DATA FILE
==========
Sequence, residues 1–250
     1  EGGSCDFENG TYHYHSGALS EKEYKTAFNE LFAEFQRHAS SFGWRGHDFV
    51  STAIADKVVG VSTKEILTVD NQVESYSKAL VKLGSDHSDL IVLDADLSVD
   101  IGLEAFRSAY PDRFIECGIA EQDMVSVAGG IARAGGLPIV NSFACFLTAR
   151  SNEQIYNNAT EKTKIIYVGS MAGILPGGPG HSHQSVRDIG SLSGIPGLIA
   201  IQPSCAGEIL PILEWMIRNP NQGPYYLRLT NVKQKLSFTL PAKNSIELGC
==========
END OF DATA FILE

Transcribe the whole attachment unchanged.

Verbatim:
Sequence, residues 1–250
     1  EGGSCDFENG TYHYHSGALS EKEYKTAFNE LFAEFQRHAS SFGWRGHDFV
    51  STAIADKVVG VSTKEILTVD NQVESYSKAL VKLGSDHSDL IVLDADLSVD
   101  IGLEAFRSAY PDRFIECGIA EQDMVSVAGG IARAGGLPIV NSFACFLTAR
   151  SNEQIYNNAT EKTKIIYVGS MAGILPGGPG HSHQSVRDIG SLSGIPGLIA
   201  IQPSCAGEIL PILEWMIRNP NQGPYYLRLT NVKQKLSFTL PAKNSIELGC